Depth of connection with an audience, even an audience of six, always wins out over sheer numbers.By Serdar Yegulalp on 2020/06/08 13:00
How many readers can I find, to whom I can give a new perspective, or a novel thought, or a liberating idea, or a compelling character, and who will be willing to engage with me on that topic? It doesn’t matter if that number of people is a dozen, or five, or two, or even just one, because even if it is only one person, then I still win. It will mean my books have existed, were available to all, and that they influenced someone else in a meaningful way.
To these words — a spirited defense of self-publishing which I'm in line with — I have only my personal experience to add:
I have a close friend, someone I am currently separated from by distance and circumstance, who is in the habit of reading Summerworld regularly. Like vitamins. It means something to him, even if only in the sense of "my friend did this", that other things don't.
Another person I know, more on the level of an acquaintance than a friend, read Flight Of The Vajra when it came out and again, it clicked with her. To such a degree that when she had to endure a really horrible divorce and some drastic changes of circumstance, the book was one of the few things in her life she could come to for something like strength and optimism. The book gave her hope, when so many other things in her life did not.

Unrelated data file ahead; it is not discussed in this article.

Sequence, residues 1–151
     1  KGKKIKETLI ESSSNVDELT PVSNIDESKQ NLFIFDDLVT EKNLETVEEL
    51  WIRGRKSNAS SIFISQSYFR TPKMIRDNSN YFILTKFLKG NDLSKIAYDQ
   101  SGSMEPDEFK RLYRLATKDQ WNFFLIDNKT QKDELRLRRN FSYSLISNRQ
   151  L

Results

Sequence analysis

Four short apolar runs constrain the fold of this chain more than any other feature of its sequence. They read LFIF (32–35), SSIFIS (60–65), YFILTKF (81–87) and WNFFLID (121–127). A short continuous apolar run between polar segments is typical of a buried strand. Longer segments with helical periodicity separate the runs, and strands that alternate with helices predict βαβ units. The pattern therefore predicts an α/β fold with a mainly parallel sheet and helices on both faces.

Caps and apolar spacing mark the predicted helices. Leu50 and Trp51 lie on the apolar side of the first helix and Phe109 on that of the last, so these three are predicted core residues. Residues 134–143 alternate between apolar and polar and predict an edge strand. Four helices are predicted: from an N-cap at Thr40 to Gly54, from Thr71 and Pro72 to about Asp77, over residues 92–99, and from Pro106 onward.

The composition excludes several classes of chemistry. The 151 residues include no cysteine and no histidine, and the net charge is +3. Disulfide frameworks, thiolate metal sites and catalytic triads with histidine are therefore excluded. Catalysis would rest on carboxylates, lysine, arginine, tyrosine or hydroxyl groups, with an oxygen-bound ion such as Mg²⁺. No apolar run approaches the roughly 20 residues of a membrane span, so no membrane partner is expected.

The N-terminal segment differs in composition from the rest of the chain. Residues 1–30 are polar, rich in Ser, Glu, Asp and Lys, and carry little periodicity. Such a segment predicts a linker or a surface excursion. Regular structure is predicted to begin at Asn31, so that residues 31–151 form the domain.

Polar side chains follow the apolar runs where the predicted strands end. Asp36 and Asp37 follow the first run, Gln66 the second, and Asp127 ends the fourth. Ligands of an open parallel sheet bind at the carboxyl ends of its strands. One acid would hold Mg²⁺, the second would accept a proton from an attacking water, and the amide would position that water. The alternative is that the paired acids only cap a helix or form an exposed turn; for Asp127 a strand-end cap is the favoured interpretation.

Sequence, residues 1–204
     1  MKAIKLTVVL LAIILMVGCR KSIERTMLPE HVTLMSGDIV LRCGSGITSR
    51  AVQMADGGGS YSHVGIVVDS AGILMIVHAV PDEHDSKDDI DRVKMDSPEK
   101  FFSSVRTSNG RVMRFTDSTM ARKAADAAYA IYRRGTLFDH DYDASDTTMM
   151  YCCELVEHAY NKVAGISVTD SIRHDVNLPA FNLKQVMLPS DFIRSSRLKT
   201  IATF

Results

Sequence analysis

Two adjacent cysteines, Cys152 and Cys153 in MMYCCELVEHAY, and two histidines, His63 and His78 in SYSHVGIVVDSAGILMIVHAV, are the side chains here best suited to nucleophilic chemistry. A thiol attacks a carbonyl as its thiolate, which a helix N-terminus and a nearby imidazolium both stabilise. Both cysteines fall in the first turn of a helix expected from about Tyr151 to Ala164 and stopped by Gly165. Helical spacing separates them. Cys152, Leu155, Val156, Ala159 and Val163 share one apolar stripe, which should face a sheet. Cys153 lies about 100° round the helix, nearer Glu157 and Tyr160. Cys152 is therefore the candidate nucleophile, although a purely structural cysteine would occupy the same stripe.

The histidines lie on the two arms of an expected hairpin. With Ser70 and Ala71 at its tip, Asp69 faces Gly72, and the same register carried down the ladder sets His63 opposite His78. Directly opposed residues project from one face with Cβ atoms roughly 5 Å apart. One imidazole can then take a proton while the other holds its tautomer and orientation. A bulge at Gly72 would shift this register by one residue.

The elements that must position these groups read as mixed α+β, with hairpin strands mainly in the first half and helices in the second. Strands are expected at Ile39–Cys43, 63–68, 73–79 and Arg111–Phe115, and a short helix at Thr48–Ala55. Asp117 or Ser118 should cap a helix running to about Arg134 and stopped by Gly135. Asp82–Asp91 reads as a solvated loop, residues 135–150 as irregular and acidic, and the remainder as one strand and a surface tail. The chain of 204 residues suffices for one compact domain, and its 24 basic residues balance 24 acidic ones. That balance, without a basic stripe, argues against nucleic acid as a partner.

Even if I never write another line in my life, let alone another book, I have these things to my name, and I always will.
This is why I say in this blog, "my friends, all six of you". Size doesn't matter. Size takes care of itself. Numbers are cheap. Depth of connection will always win out.
The panels for Renaissance VirtualCon went very nicely. I'll be posting video playback links for them as soon as I have them on hand, in case you couldn't make it.By Serdar Yegulalp on 2020/06/07 08:00